It is my experience, however, that the lower threshold is 70%, but beginners, and especially women, can often make progress using loads that are approximately 60% of 1RM.

4. The range in repetitions needed to develop strength and/or hypertrophy decreases with training age.

Training age, or the number of years the athlete has been training, influences the 1RM continuum.

While the average beginning weight trainee can often do 20 reps at 75% of maximum, that same trainee may do 10 reps at 75% of maximum after a year. If that same trainee is examined five years later, he may only do 4 reps at 75% of maximum.

Why is this important? Consider the athlete with a training age of one year who can bench press 12 reps at 140 pounds, which is 70% of his 1RM. Perhaps when this trainee has been training for four years, his new 1RM is 400 pounds. However, he may now only be able to complete 6 reps using 70% of his 1RM, which is 280 pounds.

Given that it is generally agreed upon by the strength training community that that 70% is the minimum threshold for strength development, it would not be a good idea to prescribe weights lower than 70%, or repetitions higher than 6, as the weight would be too light to promote gains in strength.

5. The 1RM continuum varies greatly among muscle groups.

If an athlete performs his 12RM (the amount of weight he can lift 12 times) in the bench press, he may only be working at 70% of maximum, but at 12RM in the leg curl, he may only be working at 57% of maximum.

The extreme is even more remarkable when you consider certain lower body movements that employ a high stretch-shortening cycle component, such as leg presses. Many athletes can do 65 reps on the leg press while using a weight that is 70% of their maximum!

6. The number of repetitions is the loading parameter that athletes adapt to the most quickly.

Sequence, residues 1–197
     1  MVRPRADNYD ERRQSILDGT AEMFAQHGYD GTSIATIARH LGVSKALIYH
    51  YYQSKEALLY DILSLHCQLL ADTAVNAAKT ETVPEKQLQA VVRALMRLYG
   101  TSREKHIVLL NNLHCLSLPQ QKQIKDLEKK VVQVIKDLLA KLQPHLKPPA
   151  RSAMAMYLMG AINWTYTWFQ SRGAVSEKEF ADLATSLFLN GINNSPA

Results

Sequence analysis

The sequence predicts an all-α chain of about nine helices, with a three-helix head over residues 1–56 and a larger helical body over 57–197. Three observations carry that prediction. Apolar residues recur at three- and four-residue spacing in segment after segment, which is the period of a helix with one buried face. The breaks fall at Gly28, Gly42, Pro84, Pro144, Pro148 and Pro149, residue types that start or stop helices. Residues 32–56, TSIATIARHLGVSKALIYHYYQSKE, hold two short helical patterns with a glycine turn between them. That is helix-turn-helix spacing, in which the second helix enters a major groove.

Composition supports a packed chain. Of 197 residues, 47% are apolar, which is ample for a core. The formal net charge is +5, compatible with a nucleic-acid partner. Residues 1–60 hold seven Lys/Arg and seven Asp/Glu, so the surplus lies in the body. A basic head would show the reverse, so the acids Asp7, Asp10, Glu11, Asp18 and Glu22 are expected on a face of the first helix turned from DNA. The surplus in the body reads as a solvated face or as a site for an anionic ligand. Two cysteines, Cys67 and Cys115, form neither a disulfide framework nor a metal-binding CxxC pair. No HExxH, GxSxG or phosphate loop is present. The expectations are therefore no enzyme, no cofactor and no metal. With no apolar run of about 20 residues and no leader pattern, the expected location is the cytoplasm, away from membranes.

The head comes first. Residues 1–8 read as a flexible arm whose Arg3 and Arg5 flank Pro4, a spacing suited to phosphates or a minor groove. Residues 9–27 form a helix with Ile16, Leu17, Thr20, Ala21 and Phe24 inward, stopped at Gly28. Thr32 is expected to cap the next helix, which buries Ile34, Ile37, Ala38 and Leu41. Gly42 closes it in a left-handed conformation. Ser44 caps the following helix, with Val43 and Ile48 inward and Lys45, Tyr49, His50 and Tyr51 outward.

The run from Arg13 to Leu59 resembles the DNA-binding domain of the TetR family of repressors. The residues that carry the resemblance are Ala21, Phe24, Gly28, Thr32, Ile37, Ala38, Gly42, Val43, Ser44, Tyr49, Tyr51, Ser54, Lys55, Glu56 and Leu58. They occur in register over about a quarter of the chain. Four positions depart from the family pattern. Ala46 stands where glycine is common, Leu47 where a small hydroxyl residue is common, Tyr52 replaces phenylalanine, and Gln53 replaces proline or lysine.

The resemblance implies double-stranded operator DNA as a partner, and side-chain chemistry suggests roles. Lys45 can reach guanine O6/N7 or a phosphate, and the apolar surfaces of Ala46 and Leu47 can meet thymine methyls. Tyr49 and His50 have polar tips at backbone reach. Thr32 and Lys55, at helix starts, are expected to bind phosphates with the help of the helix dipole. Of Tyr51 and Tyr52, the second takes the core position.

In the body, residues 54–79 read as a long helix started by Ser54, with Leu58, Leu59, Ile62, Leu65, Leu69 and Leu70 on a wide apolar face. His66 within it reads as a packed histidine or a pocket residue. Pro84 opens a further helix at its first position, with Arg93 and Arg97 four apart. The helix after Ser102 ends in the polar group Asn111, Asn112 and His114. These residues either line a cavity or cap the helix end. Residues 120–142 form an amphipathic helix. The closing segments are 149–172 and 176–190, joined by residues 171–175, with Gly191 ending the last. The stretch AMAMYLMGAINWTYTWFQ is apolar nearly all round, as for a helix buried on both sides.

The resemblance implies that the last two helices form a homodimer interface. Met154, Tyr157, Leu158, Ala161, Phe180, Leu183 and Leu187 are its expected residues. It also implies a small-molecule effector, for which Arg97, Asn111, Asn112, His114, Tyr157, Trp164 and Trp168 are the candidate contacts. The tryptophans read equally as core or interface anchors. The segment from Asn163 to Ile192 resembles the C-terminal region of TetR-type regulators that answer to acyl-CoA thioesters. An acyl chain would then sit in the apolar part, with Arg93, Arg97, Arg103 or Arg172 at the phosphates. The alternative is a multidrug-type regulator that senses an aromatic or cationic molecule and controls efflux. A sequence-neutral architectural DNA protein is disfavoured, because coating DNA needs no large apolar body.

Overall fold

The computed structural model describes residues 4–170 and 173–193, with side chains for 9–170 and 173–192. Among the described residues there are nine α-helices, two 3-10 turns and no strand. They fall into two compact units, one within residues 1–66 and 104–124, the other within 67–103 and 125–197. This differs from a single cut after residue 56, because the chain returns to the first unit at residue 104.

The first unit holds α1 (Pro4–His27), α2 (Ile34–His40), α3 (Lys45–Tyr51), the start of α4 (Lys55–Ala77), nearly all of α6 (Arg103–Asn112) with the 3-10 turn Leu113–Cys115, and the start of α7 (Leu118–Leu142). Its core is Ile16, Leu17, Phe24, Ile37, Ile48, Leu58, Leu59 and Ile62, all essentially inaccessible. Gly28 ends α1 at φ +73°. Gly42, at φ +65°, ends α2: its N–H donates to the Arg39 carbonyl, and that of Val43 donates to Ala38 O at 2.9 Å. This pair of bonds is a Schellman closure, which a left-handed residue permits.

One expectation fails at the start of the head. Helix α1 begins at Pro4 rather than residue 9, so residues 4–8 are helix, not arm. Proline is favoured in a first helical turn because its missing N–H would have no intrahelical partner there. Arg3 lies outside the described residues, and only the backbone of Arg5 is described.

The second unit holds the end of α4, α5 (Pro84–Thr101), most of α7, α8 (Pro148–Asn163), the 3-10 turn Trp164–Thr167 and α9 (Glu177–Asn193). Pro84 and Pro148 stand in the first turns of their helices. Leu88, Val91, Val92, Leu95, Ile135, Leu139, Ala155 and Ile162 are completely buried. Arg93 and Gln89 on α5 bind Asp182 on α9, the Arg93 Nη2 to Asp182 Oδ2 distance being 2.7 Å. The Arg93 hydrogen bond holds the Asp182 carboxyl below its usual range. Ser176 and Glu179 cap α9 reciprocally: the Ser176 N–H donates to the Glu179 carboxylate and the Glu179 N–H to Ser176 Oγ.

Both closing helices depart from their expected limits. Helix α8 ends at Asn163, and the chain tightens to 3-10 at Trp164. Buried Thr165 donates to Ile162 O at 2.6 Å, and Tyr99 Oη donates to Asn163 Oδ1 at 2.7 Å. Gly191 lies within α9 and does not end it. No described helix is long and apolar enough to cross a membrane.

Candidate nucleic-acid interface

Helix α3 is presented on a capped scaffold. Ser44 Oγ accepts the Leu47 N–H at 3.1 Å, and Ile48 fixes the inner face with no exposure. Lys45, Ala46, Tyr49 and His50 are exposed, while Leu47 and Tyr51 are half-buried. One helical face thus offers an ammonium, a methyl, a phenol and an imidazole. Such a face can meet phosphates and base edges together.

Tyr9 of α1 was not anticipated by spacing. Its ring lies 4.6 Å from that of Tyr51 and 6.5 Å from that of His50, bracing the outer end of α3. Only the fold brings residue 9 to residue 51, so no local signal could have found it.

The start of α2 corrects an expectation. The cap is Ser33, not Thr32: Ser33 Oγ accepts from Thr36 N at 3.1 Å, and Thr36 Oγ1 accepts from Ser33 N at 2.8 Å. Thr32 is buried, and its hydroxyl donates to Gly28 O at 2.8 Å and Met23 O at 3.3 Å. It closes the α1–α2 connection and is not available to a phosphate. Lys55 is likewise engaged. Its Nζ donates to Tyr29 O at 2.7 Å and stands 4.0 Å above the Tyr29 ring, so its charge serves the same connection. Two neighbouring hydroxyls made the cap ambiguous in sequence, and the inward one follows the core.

It's best to vary rep range prescriptions often because the body adapts very quickly to given rep ranges. In fact, the average athlete adapts to a given number of reps in six workouts. When this adaptation occurs, it's virtually pointless to continue the same program.

One method with which I have had great success it to prescribe a given rep bracket for 2 workouts, lower it by 1 rep for the next two workouts, and then lower it by 1 rep yet again for one or two workouts.

Here is an example of such a progression:

Workouts 1-2: 4 sets x 6-8
Workouts 3-4: 5 sets x 5-7
Workouts 5-6: 5 sets x 4-6

7. Elite athletes must pay attention to the specificity of contraction force.

Generally speaking, reps in the 1RM to 5RM range increase maximal strength with minimal gains in mass. Reps in the 8RM to 15RM range produce greater gains in hypertrophy, while reps between 6RM and 7RM produce equal changes in hypertrophy and strength.

However, when considering athletes who have several years of training experience, low repetitions (1-5) must be used with high loads (85% or higher) for both relative and absolute strength, while mid-repetitions (6-12) must be used with sub maximal loads (70-84%) for absolute strength gains. High repetitions should be combined with light loads for strength-endurance (less than 70%).

In other words, athletes with more years of experience can train with a broader range of repetitions.

Along the same lines, periodically "straying" into unfamiliar rep ranges can have positive training effects that are not consistent with the norm. For instance, in athletes seeking hypertrophy, periodically employing programs that use 1RM to 5RM ranges can lead to increases in muscle size in addition to strength.

8. Don't perform low reps too frequently.

Sport scientist Robert Roman has written extensively on the training of competitive lifters and he concluded that the most successful weightlifters tend to do most of their sets in the 3RM to 4RM range.

This observation was echoed by Canadian weightlifting coach Pierre Roy, who believes that the average rep range for athletes should be 3.